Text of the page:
COVID-19 has drastically changed ICU operations and taken away the factors that usually help patients feel safe and grounded, putting COVID-19 patients at a higher risk of PICS.19 Jessi Gold, MD at Washington University in St. Louis, Missouri says, “The ways in which we were normally trying to avoid [PICS], we don’t have as much ability to do that [with COVID-19]. You don’t have family at the bedside, reorienting you or making you feel like you belong in some capacity.” She adds that, “You don’t have family getting you up and walking, which happens if you’re in the ICU and can move. You don’t have a lot of staff coming in and checking on you as much—there’s a lot less in and out movements of people. And yet there’s more codes and beeping and noise and worry and stress—[the patient] might not understand what’s going on.”20
Experts say that going back home from a long period of stay in the ICU can be overwhelming not only to the patient, but to the caregivers as well. Sapna Kudchadkar, MD, PhD of Johns Hopkins Medicine in Baltimore, Maryland says, “It’s a happy time but can be a hard one as well. Acknowledging that is important, and providing resources [is] key.”21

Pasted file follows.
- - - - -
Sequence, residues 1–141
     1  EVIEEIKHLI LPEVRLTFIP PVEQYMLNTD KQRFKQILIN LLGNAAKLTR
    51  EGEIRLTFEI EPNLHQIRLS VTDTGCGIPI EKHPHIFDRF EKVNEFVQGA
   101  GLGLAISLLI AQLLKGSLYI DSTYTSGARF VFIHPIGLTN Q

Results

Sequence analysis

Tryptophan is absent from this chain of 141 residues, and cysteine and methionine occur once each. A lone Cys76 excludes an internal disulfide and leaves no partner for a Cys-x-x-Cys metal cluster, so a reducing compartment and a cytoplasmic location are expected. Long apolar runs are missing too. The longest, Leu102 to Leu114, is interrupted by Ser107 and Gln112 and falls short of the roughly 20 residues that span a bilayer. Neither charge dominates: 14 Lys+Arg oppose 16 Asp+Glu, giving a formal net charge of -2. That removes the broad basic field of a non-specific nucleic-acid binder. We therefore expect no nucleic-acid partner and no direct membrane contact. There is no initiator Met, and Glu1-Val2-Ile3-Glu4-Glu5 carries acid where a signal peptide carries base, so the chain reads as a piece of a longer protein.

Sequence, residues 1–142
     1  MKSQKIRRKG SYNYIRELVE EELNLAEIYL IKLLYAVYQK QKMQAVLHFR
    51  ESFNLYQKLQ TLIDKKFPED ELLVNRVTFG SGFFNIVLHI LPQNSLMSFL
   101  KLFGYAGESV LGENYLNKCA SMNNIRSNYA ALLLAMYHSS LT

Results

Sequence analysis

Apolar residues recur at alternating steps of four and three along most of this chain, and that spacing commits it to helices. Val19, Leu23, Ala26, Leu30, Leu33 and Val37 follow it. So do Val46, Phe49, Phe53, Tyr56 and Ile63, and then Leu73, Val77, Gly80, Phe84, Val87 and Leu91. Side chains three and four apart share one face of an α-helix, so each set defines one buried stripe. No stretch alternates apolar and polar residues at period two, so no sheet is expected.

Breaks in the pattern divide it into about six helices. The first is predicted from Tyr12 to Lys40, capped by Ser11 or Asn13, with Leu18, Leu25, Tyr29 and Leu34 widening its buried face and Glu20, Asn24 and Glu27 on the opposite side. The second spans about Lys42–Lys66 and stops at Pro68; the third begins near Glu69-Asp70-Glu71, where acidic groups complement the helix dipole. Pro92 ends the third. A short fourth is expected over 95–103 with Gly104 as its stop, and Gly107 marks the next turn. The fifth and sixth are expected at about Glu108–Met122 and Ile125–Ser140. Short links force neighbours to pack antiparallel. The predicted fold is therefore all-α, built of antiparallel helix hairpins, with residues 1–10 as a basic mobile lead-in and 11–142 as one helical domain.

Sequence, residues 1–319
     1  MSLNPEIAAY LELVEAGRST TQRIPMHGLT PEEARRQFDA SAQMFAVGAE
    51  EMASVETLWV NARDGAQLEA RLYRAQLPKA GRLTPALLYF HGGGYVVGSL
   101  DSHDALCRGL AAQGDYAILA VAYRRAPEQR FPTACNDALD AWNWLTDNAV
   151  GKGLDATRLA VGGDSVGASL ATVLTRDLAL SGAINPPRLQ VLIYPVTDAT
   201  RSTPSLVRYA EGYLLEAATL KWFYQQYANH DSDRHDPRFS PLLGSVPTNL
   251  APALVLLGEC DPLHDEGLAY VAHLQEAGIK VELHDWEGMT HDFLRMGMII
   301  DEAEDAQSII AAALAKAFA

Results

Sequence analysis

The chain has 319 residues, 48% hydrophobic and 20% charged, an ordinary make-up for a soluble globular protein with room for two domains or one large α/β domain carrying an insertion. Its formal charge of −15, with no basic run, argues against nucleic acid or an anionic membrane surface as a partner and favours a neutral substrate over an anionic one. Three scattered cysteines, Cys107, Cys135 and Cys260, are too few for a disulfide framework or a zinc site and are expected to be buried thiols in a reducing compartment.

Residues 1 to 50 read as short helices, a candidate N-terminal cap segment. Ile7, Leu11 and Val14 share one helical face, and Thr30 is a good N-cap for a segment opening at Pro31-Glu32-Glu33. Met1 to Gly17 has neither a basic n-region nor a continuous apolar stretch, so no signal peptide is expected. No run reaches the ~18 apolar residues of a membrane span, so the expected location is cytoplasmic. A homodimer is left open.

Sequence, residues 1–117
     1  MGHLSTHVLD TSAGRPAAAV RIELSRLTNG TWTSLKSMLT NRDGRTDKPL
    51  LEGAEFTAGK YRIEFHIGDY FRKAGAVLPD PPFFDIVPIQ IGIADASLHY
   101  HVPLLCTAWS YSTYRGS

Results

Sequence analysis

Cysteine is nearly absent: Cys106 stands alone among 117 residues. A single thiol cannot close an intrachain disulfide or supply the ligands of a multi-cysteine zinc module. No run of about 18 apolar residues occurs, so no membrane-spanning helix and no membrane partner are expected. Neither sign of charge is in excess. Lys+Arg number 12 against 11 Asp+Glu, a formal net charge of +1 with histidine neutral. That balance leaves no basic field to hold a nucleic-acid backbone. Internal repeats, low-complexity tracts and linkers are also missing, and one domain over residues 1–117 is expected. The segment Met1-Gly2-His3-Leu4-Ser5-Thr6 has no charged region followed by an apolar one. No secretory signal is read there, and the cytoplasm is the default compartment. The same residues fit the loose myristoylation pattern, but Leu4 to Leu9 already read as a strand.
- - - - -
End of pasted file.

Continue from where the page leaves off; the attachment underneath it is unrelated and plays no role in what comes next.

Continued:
1 Wan W. The coronavirus pandemic is pushing America into a mental health crisis. The Washington Post May. 4, 2020.
2 Achenbach J. Coronavirus is harming the mental health of tens of millions of people in U.S., new poll finds. The Washington Post Apr. 2, 2020.
4 See Footnote 1.
5 See Footnote 2.
6 Collman A. A mental-health hotline saw a 116% increase in texts during coronavirus lockdowns and expects COVID-19 to take a psychological toll for years to come. Business Insider June 6, 2020.
9 Holland K. What COVID-19 Is Doing to Our Mental Health. Healthline May 8, 2020.
10 Garg S. et al. Hospitalization Rates and Characteristics of Patients Hospitalized with Laboratory-Confirmed Coronavirus Disease 2019 — COVID-NET, 14 States, March 1–30, 2020. Morbidity and Mortality Weekly Report 2020; 69(15): 458-464.
11 See Footnote 5.
13 Soucheray S. US job losses due to COVID-19 highest since Great Depression. Center for Infectious Disease Research and Policy May 6, 2020.
14 Stieg C. Could you get PTSD from your pandemic experience? The long-term mental health effects of coronavirus. CNBC Apr. 18, 2020.
17 Stix G. Zoom Psychiatrists Prep for COVID-19’s Endless Ride. Scientific American June 8, 2020.
18 Monaco K. Mental Health Challenges After COVID-19 Recovery. Medpage Today May 18, 2020.